Determining if running in vscode in your init.vim
This should do the trick:
Invoking vscode actions from neovim
There are few helper functions that could be used to invoke any vscode commands:
VSCodeCall(command, ..)- invokes vscode command with optional arguments
VSCodeNotifyRange(command, line1, line2, leaveSelection ,..)/
VSCodeCallRange(command, line1, line2, leaveSelection, ..)- produces real vscode selection from line1 to line2 and invokes vscode command. Linewise. Put 1 for
leaveSelectionargument to leave vscode selection after invoking the command
VSCodeNotifyRangePos(command, line1, line2, pos1, pos2, leaveSelection ,..)/
VSCodeCallRangePos(command, line1, line2, pos1, pos2, leaveSelection, ..)- produces real vscode selection from line1.pos1 to line2.pos2 and invokes vscode command. Characterwise
Notify in name are non-blocking, the ones with
Call are blocking. Generally use Notify unless you really need a blocking call
Produce linewise selection and show vscode commands (default binding)
Produce characterwise selection and show vscode commands (default binding):
Run Find in files for word under cursor in vscode:
Open definition aside (default binding):
VSCode's jumplist is being used. Make sure to bind to
workbench.action.navigateForward if you're using custom mappings. Marks (both upper & lowercased) should be fine
Command menu has the wildmenu completion on type. The completion options appear after 1.5s (to not bother you when you write
<Up>/<Down> selects the option and
<Tab> accepts it. See the gif:
Multiple cursors work in:
- Insert mode
- (Optional) Visual line mode
- (Optional) Visual block mode
To spawn multiple cursors from visual line/block modes type
mI (by default). The effect differs:
- For visual line mode
miwill start insert mode on each selected line on the first non whitespace character and
mawill on the end of line
- For visual block mode
miwill start insert on each selected line before the cursor block and
mIversions account empty lines too (only for visual line mode, for visual block mode they're same as ma/mi)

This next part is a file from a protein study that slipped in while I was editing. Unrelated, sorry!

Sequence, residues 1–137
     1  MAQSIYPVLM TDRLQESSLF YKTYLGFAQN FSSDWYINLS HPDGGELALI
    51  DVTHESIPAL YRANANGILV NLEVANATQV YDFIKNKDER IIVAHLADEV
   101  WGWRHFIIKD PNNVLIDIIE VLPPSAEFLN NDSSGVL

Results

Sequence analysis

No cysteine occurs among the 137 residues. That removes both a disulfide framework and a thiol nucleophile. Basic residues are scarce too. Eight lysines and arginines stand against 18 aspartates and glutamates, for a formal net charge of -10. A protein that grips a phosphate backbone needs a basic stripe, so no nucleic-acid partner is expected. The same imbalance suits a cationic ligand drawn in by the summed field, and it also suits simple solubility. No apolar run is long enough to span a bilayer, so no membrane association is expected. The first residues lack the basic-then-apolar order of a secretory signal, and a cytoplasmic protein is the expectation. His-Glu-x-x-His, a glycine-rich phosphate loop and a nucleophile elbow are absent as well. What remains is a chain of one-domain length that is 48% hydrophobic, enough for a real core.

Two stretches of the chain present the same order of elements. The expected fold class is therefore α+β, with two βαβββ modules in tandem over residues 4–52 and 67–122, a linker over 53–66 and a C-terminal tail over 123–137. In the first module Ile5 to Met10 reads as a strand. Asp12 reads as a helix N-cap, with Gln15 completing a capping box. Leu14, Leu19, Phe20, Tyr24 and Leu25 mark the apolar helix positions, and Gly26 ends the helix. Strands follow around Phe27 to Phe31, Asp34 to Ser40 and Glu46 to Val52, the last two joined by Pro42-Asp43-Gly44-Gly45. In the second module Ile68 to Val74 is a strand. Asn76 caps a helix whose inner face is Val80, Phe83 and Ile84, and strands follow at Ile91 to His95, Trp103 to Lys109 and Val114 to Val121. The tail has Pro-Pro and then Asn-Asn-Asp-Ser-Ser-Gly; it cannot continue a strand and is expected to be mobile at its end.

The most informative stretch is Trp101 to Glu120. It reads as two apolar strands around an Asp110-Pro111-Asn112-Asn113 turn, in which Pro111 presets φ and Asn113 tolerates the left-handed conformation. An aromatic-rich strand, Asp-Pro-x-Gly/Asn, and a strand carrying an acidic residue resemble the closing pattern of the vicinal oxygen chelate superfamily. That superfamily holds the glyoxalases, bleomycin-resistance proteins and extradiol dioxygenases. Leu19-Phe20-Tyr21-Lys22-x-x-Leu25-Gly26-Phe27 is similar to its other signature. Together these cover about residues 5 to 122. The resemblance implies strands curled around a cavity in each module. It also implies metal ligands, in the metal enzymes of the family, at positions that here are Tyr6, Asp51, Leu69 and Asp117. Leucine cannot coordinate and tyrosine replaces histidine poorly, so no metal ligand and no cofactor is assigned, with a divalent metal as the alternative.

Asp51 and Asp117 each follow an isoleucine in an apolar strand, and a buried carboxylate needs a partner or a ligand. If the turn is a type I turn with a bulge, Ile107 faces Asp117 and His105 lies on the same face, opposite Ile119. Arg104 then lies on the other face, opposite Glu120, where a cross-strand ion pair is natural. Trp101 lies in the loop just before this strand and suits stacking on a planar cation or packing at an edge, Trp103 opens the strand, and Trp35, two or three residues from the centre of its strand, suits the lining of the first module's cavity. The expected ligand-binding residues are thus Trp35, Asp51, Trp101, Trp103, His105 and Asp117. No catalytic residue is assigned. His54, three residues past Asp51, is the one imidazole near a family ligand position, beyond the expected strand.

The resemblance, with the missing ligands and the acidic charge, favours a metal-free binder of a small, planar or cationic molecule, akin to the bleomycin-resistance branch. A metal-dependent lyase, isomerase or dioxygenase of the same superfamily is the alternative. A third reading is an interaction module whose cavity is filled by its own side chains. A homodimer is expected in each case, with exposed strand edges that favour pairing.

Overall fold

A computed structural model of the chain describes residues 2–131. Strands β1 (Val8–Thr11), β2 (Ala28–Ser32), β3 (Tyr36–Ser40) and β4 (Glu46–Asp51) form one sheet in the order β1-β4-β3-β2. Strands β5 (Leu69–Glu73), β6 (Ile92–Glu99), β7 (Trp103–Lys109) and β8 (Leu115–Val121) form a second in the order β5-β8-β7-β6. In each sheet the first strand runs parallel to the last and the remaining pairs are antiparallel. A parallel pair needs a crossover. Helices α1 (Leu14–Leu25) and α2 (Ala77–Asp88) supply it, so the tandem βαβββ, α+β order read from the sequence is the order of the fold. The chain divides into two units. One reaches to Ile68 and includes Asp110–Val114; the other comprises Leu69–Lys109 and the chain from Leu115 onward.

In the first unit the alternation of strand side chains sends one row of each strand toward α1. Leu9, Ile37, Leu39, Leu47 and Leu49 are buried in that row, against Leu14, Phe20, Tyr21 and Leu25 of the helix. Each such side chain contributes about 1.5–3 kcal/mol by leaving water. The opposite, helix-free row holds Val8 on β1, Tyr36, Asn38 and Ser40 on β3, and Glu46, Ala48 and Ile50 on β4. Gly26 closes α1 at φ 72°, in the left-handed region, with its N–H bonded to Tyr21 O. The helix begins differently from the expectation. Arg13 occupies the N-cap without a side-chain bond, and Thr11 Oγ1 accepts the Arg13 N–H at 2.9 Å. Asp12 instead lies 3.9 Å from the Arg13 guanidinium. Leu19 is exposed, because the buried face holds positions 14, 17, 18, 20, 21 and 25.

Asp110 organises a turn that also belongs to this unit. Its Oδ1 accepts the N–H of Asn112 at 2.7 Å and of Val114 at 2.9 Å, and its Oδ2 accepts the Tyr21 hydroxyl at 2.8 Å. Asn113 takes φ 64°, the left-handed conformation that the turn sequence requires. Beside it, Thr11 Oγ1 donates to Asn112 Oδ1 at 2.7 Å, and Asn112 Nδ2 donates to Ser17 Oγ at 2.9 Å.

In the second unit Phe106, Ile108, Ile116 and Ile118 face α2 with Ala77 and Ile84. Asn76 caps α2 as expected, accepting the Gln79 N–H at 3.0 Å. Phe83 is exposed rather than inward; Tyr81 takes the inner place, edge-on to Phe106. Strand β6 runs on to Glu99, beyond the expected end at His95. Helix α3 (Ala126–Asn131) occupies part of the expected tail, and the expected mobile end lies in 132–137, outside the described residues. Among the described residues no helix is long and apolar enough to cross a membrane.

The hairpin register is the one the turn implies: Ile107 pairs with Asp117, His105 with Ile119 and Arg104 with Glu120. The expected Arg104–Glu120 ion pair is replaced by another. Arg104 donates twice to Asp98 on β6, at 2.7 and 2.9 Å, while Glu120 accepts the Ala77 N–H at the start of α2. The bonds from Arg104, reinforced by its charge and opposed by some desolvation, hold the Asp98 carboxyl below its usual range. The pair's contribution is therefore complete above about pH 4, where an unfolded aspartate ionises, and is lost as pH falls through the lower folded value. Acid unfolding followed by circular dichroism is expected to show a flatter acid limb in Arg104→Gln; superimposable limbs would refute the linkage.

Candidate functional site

See gif in action:
Custom keymaps for scrolling/window/tab/etc.. management
- See vscode-scrolling.vim for scrolling commands reference
- See vscode-file-commands.vim for file commands reference
- See vscode-tab-commands.vim for tab commands reference
- See vscode-window-commands.vim for window commands reference
File/Tab management commands
:ewithout argument and without bang (
!) - opens quickopen window
:e!without argument and with bang - opens open file dialog
:e [filename], e.g.
:e $MYVIMRC- opens a file in new tab. The file must exist
:e! [filename], e.g.
:e! $MYVIMRC- closes current file (discard any changes) and opens a file. The file must exist
enewCreates new untitled document in vscode
enew!closes current file (discard any changes) and creates new untitled document
- Opens vscode's quick open window. Arguments and count are not supported
- Without bang (
!) saves current file
- With bang opens 'save as' dialog
- Opens 'save as' dialog
- Saves all files. Bang is not doing anything
q[uit] or keys
<C-w> q /
- Closes the active editor
- Saves and closes the active editor
- Closes all editors, but doesn't quit vscode. Acts like
qall!, so beware for a nonsaved changes
- Saves all editors & close
- Similar to
e[dit]. Without argument opens quickopen, with argument opens the file in new tab
- Opens new untitled file
- Opens quickopen window
- Not supported. Doesn't make sense with vscode
- Closes active editor (tab)
- Closes other tabs in vscode group (pane). This differs from vim where a
tabis a like a new window, but doesn't make sense in vscode.
tabn[ext] or key
- Switches to next (or
counttabs if argument is given) in the active vscode group (pane)
tabp[revious] or key
- Switches to previous (or
counttabs if argument is given) in the active vscode group (pane)
- Switches to the first tab in the active editor group
- Switches to the last tab in the active edtior group
- Not supported yet
ZQ are bound to
Buffer/window management commands
Note: split size distribution is controlled by
workbench.editor.splitSizing setting. By default it's
distribute, which is mapped to vim's
eadirection = 'both' (default)
sp[lit] or key
- Split editor horizontally. When argument given opens the specified file in the argument, e.g
:sp $MYVIMRC. File must exist
vs[plit] or key
- Split editor vertically. When argument given opens the specified file in the argument. File must exist
new or key
sp[lit]but creates new untitled file if no argument given
vs[plit]but creates new untitled file if no argument given